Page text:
Baader and Worse
One of the most disappointing aspects of the 1972 Summit Series has to be the lack of professionalism among the referees.
Unlike in the Canada Cup and World Cup of Hockey and in the NHL Olympic tournaments, the best NHL referees, who were without doubt the best officials in the world, we're not used. Back in 1972 almost every NHL official was Canadian. And since the 1972 Summit Series was played under international rules there was to be no officials from either nation would be involved in of the games. As a result no the most important series in hockey history would be officiated by amateurs.
The only good thing about the officiating is that both teams were unhappy with the refereeing.
The Soviets were quite vocal about the refereeing of American officials Frank Larsen and Steve Dowling (unlike the NHL at the time, international hockey used two referees and no linesmen). Larsen and Dowling, who officiated all the games in Canada, particularly upset Russian coach Bobrov in game 2. Bobrov accused the officials of letting the Canadians get away with too much illegal physical play. Wayne Cashman, inserted into the lineup for this particular game, was the culprit who should have been cracked down upon in Bobrov's estimation. Andrei Starovoitov, head of the Soviet Hockey program, screamed "The American referees let the Canadian players perform like a bunch of barbarians!"
Canada's dislike for the choice of officials in Moscow is much more well documented. The Canadians were particularly upset at the refereeing of West Germans Franz Baader and Josef Kompalla. The tandem had worked the exhibition games in Stockholm and had enraged the NHLers with many questionable penalty calls. After the second game, they had dubbed the officials "Baader and Worse" or "Baader and Wurst."
The differing styles of hockey and culture can explain the difference in officiating on each side of the continent. Canadians had long hated the European officiating, as they did not permit Canadians to play a typical Canadian game based on hard hitting. But Baader and especially Kompalla were especially bad.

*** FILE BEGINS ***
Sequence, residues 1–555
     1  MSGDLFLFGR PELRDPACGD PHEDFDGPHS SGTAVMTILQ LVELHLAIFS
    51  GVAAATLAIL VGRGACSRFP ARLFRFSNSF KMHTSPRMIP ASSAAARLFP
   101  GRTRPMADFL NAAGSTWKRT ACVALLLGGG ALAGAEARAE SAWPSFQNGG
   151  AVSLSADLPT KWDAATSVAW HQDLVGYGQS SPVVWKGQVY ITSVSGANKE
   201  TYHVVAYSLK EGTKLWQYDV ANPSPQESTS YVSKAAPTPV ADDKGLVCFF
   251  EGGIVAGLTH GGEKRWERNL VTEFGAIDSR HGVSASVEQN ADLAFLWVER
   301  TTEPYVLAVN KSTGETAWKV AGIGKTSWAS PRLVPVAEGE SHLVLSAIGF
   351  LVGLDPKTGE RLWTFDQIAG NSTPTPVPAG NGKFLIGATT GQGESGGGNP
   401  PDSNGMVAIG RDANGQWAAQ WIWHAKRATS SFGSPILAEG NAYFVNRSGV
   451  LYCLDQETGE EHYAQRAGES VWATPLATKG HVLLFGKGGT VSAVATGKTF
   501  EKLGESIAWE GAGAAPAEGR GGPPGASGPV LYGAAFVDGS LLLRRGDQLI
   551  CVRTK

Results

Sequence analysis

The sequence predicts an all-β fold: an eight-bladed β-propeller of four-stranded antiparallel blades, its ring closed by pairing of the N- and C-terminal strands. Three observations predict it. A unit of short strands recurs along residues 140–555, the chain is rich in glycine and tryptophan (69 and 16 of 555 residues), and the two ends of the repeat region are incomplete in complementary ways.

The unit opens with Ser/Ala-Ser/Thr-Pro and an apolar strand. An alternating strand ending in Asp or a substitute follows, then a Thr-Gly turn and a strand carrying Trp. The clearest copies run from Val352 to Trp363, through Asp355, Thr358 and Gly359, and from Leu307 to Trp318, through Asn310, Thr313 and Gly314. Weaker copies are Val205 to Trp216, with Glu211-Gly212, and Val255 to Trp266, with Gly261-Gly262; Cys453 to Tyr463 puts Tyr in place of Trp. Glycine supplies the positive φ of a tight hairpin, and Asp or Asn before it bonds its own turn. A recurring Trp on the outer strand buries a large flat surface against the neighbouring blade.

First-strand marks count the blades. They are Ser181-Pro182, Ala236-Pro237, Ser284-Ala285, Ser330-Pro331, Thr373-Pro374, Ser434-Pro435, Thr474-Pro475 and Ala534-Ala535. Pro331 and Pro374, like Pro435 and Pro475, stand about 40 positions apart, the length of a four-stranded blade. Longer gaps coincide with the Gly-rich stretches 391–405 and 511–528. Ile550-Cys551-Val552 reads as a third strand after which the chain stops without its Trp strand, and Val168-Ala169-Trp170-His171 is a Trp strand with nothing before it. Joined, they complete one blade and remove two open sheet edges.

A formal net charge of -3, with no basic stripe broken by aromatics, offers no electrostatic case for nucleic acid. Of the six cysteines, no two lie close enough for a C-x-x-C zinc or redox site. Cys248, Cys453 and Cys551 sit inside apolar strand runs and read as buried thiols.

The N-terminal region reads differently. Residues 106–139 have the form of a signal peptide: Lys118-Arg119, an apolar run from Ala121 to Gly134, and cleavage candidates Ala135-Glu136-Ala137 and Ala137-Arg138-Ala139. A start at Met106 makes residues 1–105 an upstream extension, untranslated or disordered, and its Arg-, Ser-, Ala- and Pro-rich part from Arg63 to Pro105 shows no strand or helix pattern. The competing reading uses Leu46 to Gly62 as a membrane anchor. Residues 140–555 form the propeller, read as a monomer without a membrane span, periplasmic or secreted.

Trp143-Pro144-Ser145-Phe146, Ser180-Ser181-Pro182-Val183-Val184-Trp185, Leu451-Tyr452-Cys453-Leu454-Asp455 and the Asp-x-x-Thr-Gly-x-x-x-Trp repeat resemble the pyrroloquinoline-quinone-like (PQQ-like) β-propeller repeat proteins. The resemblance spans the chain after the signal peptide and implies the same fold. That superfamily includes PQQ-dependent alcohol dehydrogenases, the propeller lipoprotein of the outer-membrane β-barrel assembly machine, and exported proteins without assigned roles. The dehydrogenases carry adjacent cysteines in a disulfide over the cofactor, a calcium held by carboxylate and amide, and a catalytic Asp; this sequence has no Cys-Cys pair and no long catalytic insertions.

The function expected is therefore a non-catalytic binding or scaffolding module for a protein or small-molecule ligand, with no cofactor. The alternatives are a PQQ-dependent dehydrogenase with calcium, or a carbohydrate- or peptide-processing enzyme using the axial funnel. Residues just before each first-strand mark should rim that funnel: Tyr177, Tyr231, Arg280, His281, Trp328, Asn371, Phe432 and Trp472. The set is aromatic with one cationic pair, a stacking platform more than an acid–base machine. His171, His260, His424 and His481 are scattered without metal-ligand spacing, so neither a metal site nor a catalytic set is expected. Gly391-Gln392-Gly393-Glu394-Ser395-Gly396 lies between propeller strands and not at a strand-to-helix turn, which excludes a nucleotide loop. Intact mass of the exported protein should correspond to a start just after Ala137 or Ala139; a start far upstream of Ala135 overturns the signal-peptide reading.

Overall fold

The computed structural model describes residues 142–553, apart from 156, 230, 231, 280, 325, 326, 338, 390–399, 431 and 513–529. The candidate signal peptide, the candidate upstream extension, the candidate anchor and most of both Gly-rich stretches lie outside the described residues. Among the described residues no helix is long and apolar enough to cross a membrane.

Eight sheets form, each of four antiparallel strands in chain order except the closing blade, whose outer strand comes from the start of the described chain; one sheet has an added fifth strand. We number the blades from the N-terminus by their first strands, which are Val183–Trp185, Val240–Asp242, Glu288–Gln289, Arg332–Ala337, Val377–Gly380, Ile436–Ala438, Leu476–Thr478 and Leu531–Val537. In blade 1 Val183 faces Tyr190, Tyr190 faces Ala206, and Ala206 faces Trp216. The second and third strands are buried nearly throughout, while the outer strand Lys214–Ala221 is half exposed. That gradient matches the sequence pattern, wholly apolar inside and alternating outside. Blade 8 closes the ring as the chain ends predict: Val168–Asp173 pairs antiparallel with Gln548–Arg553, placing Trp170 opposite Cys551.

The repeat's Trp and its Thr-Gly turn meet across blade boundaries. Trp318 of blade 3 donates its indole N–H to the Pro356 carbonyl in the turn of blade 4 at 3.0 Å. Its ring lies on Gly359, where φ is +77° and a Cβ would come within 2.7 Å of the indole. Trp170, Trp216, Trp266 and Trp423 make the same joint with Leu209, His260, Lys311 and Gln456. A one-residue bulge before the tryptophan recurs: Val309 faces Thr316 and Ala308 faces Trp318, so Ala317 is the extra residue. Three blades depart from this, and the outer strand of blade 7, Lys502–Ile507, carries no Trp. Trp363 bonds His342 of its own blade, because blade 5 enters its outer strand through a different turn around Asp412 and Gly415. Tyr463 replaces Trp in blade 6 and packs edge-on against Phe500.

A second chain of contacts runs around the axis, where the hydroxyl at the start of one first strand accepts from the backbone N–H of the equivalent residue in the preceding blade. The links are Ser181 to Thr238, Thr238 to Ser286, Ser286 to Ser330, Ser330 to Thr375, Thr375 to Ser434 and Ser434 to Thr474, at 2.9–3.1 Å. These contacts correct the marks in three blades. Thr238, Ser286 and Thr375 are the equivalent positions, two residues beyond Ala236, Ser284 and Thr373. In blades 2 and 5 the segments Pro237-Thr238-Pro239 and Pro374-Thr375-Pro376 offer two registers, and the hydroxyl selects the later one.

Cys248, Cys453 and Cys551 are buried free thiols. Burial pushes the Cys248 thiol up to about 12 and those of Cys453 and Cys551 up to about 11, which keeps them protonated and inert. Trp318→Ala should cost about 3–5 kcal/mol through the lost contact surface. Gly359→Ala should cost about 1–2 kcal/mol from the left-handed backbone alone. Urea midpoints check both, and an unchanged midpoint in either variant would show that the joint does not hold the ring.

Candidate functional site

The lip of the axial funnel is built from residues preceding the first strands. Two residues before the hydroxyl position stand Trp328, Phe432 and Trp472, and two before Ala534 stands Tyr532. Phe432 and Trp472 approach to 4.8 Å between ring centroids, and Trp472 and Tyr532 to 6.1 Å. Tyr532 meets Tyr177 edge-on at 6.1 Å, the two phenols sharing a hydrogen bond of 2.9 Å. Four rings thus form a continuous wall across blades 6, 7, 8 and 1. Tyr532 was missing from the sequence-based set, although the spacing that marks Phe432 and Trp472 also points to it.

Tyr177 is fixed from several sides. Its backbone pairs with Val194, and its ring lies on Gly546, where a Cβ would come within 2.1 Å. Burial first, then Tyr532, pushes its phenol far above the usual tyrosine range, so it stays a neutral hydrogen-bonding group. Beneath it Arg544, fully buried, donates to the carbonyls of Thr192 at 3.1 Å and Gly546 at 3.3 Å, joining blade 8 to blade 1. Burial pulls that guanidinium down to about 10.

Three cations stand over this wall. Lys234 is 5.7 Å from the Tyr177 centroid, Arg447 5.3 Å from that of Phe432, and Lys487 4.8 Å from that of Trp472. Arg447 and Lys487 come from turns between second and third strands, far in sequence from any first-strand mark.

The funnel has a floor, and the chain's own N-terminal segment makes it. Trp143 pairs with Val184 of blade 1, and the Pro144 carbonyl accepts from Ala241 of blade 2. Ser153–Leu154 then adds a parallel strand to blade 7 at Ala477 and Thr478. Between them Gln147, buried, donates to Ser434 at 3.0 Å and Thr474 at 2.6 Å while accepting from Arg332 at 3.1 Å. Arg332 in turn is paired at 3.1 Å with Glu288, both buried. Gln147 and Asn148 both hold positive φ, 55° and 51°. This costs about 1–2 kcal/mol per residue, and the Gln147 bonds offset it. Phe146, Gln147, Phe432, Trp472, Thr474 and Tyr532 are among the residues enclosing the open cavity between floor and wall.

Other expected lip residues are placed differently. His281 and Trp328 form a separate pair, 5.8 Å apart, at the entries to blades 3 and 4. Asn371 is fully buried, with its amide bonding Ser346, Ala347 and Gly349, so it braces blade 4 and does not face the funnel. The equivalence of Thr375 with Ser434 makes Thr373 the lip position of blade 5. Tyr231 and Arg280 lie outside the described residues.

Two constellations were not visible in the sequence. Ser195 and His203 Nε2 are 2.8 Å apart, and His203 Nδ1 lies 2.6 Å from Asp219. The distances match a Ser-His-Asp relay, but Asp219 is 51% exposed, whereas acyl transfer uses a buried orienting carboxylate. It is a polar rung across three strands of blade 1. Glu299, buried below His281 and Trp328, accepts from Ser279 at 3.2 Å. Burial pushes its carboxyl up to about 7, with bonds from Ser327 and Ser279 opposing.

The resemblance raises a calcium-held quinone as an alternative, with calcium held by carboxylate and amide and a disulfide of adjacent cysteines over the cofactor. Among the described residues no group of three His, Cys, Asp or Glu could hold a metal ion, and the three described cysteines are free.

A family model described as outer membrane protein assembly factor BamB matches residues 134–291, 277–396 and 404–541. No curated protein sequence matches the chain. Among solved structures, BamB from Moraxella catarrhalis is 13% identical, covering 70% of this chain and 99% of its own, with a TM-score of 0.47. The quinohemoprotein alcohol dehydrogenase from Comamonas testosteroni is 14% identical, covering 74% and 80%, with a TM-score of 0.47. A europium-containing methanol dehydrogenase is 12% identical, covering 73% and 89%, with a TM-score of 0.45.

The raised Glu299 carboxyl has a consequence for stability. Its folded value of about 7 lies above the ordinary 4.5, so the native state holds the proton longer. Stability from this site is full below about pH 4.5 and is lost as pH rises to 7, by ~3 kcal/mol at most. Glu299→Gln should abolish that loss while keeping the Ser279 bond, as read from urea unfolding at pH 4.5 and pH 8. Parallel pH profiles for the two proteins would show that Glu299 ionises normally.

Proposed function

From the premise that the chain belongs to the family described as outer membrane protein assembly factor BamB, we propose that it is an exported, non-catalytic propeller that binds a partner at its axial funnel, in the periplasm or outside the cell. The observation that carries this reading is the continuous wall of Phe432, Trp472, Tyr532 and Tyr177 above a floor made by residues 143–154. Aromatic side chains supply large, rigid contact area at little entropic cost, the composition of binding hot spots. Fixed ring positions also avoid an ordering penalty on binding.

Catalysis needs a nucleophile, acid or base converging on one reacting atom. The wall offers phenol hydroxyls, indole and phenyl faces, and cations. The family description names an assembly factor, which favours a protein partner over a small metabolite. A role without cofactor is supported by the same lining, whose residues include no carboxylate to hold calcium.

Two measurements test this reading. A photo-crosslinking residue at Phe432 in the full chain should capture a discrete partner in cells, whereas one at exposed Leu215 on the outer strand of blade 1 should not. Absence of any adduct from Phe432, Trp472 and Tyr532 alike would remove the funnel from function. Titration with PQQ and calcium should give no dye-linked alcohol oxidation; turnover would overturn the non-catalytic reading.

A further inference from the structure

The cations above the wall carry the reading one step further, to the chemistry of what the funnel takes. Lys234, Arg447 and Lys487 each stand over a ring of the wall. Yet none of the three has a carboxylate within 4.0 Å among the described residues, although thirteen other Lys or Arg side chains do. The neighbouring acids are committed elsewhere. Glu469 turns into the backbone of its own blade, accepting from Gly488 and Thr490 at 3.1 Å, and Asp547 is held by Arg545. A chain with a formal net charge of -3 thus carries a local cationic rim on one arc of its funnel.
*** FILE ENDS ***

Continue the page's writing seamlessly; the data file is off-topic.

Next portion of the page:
Many speculated that Kompalla was deliberately trying to throw the game in Russia's favor. Despite an agreement that Kompalla would not officiate the final game, Canada was outraged when Soviet officials mysteriously eliminated Swedish referee that Canada agreed to use. Game 8 almost wasn't played when the Canadians protested the inclusion of Kompalla in game 8.
CBC Radio Coverage Over Referee Dispute Prior to Game Eight - CBC Radio (5:02)
Game 8 began and charges of obvious favouritism by Kompalla resurfaced quickly. Canada was penalized often and early, and almost every time for very questionable infractions particularly in a championship game. Canada fell behind early thanks to the many Soviet power plays, while the Canadian fans in attendance chanted "Let's go home" in protest.
So enraged was Jean Paul Parise that he faked clubbing Kompalla over the head with his hockey stick. Parise was properly banished from the game. But his actions seemed to have an impact on Kompalla. In the second and third periods he, at least by his standards, put his whistle in his pocket and allowed the players to decide the outcome of the game.
Canada's accusations that Kompalla was hired by the Soviets to fix the game have never been proven, but are almost accepted as fact in Canada. One common conspiracy theory even has Russian leader, an ardent hockey fan, Leonid Brezhnev behind Kompalla-gate.
An interesting April 2002 interview of retired Russian hockey official Valentin Nikultsev confirmed that Russian officials often were pressured by the governing hockey federation in international games of special importance.
"How could a modest Soviet hockey federation official have an impact on our national team's success?" said Nikultsev. "Still, having said that, one has to admit that our players had no reason to complain about refereeing in the world championships, Canada Cups, the Izvestiya Cup and other games. I like to think I did have a small role to play."
Nikultsev's interview can be read at HockeyRef's.com